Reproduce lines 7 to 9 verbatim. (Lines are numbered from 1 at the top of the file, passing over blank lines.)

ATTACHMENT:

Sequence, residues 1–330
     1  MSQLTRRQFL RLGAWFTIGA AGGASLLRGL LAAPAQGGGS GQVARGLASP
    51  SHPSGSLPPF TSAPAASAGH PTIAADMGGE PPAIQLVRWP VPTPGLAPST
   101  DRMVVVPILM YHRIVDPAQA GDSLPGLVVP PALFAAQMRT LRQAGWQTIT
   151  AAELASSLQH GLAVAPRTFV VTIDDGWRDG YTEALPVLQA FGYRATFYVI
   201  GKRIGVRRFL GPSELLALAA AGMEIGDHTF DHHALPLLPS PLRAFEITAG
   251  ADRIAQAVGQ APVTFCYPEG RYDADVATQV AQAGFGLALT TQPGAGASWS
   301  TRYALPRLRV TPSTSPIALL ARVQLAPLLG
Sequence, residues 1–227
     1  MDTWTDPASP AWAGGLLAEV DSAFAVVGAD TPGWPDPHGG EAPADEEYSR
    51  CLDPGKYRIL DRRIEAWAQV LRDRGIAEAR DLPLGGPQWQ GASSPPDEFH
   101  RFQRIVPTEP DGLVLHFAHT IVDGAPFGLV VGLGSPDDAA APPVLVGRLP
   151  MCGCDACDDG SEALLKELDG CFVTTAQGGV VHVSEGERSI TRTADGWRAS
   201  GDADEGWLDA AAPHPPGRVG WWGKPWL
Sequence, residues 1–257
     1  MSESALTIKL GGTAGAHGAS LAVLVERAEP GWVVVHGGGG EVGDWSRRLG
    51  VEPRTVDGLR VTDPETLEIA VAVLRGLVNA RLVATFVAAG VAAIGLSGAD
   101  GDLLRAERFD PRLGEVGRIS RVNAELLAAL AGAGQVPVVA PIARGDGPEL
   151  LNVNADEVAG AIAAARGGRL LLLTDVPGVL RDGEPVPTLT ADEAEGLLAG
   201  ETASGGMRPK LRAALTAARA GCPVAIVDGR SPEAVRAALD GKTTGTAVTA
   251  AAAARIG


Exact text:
   251  ADRIAQAVGQ APVTFCYPEG RYDADVATQV AQAGFGLALT TQPGAGASWS
   301  TRYALPRLRV TPSTSPIALL ARVQLAPLLG
Sequence, residues 1–227